Turkey skin, it turns out, can shift from red to blue to white, thanks to bundles of collagen that are interspersed with a dense array of blood vessels. It is this color-shifting characteristic that gives turkeys the name "seven-faced birds" in Korean and Japanese.
Researchers took inspiration from the way turkey skin color is altered to create a new sensor that can change color when exposed to volatile chemicals.
Credit: Photos by Valerie Burtchett
The researchers say that spacing between the collagen fibers changes when the blood vessels swell or contract, depending upon whether the bird is excited or angry. The amount of swelling changes the way light waves are scattered and, in turn, alters the colors we see on the bird's head.
Seung-Wuk Lee, UC Berkeley associate professor of bioengineering, led a research team in mimicking this color-changing ability to create biosensors that can detect volatile chemicals.
"In our lab, we study how light is generated and changes in nature, and then we use what we learn to engineer novel devices," said Lee, who is also a faculty scientist at the Lawrence Berkeley National Laboratory.
The researchers created a mobile app, called the iColour Analyser, to show that a smartphone photo of the sensor's color bands could be used to help identify toxins of interest. They described their experiments in a study to be published Tuesday, Jan. 21, in the journal Nature Communications.
Sensors that give off color readings are easier to use and read than conventional biosensors. However, the major ones in development elsewhere can only detect a limited range of chemicals and, according to the researchers, they can be very difficult to manufacture.
The researchers found that, like collagen fibers, these phage-bundled nanostructures expanded and contracted, resulting in color changes. The exact mechanism behind the shrinking or expanding phage bundles is still unclear, but it's possible that the small amount of water in the phage is reacting to the chemical vapors, the researchers said.
The turkey-inspired biosensors were exposed to a range of volatile organic compounds, including hexane, isopropyl alcohol and methanol, as well as vapor of the explosive chemical TNT, at concentrations of 300 parts per billion. The researchers found that the viruses swelled rapidly, resulting in specific color patterns that served as "fingerprints" to distinguish the different chemicals tested.
The researchers showed that the biosensor's specificity to a target chemical could be increased by genetically engineering the DNA in the M13 bacteriophage to bind with sites specific to TNT. The biosensor was then exposed to two additional chemicals, DNT and MNT, which have similar molecular structures to TNT. The engineered biosensor successfully distinguished TNT from the other chemicals with distinct color bands.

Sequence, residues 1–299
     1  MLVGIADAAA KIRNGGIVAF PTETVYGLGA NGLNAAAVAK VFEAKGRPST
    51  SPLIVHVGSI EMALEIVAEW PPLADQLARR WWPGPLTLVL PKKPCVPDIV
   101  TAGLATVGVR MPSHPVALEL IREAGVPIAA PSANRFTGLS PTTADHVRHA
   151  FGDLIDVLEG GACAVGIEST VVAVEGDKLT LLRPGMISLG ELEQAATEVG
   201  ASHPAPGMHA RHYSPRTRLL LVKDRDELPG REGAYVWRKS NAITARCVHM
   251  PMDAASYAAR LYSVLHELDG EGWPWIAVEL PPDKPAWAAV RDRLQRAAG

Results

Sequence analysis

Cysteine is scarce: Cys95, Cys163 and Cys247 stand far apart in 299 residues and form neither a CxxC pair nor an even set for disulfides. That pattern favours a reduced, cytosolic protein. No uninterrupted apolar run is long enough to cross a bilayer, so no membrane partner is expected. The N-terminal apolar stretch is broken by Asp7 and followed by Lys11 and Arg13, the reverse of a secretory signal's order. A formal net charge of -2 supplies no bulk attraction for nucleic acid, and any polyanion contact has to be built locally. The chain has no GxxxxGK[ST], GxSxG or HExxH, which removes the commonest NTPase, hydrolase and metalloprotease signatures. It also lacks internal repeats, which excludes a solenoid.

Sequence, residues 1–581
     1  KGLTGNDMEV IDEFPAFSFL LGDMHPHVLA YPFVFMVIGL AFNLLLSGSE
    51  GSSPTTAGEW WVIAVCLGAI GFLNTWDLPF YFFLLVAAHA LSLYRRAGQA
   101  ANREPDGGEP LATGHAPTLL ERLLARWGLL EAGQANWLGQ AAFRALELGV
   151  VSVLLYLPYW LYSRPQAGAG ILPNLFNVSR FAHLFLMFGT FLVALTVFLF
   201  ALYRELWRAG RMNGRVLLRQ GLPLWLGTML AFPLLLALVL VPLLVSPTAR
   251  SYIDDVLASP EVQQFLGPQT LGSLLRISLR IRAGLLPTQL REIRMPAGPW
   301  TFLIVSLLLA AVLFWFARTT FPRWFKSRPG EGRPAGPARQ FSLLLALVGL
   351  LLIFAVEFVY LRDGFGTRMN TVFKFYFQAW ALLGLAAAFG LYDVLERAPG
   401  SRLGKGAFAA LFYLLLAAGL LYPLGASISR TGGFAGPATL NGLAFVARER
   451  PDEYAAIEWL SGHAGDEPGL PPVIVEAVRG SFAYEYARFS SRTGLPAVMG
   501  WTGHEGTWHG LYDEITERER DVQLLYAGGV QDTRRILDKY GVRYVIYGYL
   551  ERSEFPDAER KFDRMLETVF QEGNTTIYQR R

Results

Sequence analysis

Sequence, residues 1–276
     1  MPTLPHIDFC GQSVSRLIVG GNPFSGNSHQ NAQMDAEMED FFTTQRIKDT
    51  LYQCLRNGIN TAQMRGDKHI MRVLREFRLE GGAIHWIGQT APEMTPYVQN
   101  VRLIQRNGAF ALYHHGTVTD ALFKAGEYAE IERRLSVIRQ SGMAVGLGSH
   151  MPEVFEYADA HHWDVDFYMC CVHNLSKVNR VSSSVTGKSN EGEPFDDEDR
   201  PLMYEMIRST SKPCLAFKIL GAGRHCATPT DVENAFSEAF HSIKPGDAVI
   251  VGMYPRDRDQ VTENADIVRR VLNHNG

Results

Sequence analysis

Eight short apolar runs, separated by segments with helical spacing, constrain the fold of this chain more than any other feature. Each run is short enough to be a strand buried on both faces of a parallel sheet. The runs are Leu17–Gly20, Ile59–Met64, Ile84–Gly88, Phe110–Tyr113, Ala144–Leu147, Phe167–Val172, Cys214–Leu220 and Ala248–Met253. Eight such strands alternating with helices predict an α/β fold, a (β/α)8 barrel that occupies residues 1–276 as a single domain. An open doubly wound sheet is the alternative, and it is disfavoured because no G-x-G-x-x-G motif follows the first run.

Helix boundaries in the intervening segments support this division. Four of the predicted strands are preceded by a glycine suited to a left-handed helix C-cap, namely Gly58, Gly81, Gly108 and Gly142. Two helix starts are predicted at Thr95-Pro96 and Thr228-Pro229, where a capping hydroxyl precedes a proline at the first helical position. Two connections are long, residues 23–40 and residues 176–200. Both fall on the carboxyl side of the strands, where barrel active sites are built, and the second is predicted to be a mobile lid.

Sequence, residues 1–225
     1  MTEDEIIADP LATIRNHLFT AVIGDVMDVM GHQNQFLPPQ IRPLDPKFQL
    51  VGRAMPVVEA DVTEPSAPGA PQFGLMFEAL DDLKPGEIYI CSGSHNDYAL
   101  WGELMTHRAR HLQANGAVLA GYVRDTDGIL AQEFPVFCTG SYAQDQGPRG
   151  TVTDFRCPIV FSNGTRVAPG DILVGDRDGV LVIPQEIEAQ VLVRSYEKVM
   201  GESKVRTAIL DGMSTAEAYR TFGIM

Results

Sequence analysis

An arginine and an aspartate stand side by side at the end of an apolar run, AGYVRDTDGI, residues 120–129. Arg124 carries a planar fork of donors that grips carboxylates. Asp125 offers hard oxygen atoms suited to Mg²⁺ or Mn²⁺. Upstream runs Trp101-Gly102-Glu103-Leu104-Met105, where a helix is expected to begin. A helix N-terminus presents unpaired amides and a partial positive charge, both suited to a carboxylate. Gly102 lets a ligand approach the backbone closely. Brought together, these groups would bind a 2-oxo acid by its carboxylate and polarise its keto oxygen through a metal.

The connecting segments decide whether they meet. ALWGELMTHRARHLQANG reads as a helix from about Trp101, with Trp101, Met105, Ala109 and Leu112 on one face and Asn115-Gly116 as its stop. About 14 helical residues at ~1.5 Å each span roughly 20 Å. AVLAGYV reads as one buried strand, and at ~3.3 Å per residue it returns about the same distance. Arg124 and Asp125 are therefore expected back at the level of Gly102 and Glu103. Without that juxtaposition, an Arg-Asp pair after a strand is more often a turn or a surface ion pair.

The biosensors were also able to signal changes in relative humidity, ranging from 20 percent to 90 percent, becoming redder with moister air and bluer with drier air.
The study lead author is Jin-Woo Oh, a former postdoctoral researcher in Lee's lab and now an assistant professor in the Department of Nanomaterial Engineering at Pusan National University in South Korea.
The National Science Foundation, the Defense Acquisition Program Administration and Agency for Defense Development in South Korea, Korea's Ministry of Education, Science and Technology, and Samsung helped support this work.
Sarah Yang | EurekAlert!
Identifying drug targets for leukaemia
02.05.2016 | The Hong Kong Polytechnic University
A cell senses its own curves: New research from the MBL Whitman Center
29.04.2016 | Marine Biological Laboratory
If a person pushes a broken-down car alone, there is a certain effect. If another person helps, the result is the sum of their efforts. If two micro-particles are pushing another microparticle, however, the resulting effect may not necessarily be the sum their efforts. A recent study published in Nature Communications, measured this odd effect that scientists call “many body.”
In the microscopic world, where the modern miniaturized machines at the new frontiers of technology operate, as long as we are in the presence of two...
Researchers from the Max Planck Institute Stuttgart have developed self-propelled tiny ‘microbots’ that can remove lead or organic pollution from contaminated water.
Working with colleagues in Barcelona and Singapore, Samuel Sánchez’s group used graphene oxide to make their microscale motors, which are able to adsorb lead...
Neutron scattering and computational modeling have revealed unique and unexpected behavior of water molecules under extreme confinement that is unmatched by any known gas, liquid or solid states.
In a paper published in Physical Review Letters, researchers at the Department of Energy's Oak Ridge National Laboratory describe a new tunneling state of...
Honeycomb structures as the basic building block for industrial applications presented using holo pyramid
Researchers of the Alfred Wegener Institute (AWI) will introduce their latest developments in the field of bionic lightweight design at Hannover Messe from 25...
Polymer solar cells can be even cheaper and more reliable thanks to a breakthrough by scientists at Linköping University and the Chinese Academy of Sciences (CAS). This work is about avoiding costly and unstable fullerenes.
Polymer solar cells can be even cheaper and more reliable thanks to a breakthrough by scientists at Linköping University and the Chinese Academy of Sciences...
27.04.2016 | Event News
15.04.2016 | Event News
12.04.2016 | Event News
02.05.2016 | Life Sciences
02.05.2016 | Materials Sciences
02.05.2016 | Physics and Astronomy